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Front Pediatr. 2019 May 8;7:147. doi: 10.3389/fped.2019.00147. eCollection 2019.

Review of the Literature on Current Changes in the Timing of Pubertal Development and the Incomplete Forms of Early Puberty.

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Pediatric Unit, Department of Life Health and Environmental Sciences, University of L'Aquila, L'Aquila, Italy.
Department of Pediatric, IRCCS San Raffaele Hospital, Milan, Italy.
Pediatric Unit, Department of Biotechnology and Applied Sciences, University of L'Aquila, Aquila, Italy.


Puberty is a sensitive period of life characterized by the appearance of secondary sex characteristics which leads to a complete sexual maturation. It physiologically starts between the age of 8 and 13 years in girls and 9 and 14 years in boys. In the last two decades, several studies have showed that start of puberty has moved up to younger ages by 12-18 months, and some of the hypotheses trying to explain this change include the role of nutritional status and obesity and the influence of extrinsic factors such as exposure to endocrine-disrupting chemicals (EDCs), as well. The hypothalamic-hypophysis-gonadal axis develops during embryogenesis, and except for a period of activation immediately after birth, remains suppressed until the onset of pubertal development. At the beginning of puberty, the pulse generator is reactivated, probably due to progressive stimulatory influences on GnRH neurons from glial signals and neurotrasmitters. Kisspeptin and its receptor play a fundamental role in this phase. Premature Pubarche/Adrenarche, Premature Thelarche, and Premature Menarche are incomplete forms of precocious pubertal development that have their origin in endocrine mechanisms that only recently have started to be understood. It is important to distinguish these forms from the complete ones in order to reassure patients and parents about the non-evolution of pubertal progression and avoid non-useful treatments with analogous LHRH.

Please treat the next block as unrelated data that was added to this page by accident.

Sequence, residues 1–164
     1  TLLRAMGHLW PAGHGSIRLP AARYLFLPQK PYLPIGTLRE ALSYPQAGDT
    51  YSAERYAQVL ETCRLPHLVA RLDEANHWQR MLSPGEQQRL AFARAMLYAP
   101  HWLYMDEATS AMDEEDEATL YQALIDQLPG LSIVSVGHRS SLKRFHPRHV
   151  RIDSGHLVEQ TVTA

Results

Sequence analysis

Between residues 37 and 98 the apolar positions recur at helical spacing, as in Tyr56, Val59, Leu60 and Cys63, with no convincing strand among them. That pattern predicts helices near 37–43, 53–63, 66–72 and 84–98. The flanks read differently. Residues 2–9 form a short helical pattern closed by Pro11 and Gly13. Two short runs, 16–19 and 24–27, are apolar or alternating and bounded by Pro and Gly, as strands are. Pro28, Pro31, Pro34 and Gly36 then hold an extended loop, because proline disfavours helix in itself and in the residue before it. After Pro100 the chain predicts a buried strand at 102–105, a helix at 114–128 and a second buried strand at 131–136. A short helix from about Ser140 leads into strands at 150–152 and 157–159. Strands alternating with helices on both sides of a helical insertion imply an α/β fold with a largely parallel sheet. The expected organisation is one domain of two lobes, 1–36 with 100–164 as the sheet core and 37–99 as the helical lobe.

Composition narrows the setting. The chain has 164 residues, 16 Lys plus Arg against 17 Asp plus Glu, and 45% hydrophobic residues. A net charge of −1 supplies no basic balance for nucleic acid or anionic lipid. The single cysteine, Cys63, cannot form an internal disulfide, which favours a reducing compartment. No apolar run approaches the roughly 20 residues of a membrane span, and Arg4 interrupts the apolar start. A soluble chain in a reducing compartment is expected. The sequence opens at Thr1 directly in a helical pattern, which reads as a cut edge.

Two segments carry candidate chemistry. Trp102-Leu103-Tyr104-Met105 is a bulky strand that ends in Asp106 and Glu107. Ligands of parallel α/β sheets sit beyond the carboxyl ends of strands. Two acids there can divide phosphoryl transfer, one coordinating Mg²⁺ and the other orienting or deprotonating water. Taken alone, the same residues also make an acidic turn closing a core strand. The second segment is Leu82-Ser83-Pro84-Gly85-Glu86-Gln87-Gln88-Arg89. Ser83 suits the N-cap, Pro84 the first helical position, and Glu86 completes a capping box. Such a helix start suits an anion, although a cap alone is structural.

anticipation; development; pubarche; puberty; telarche

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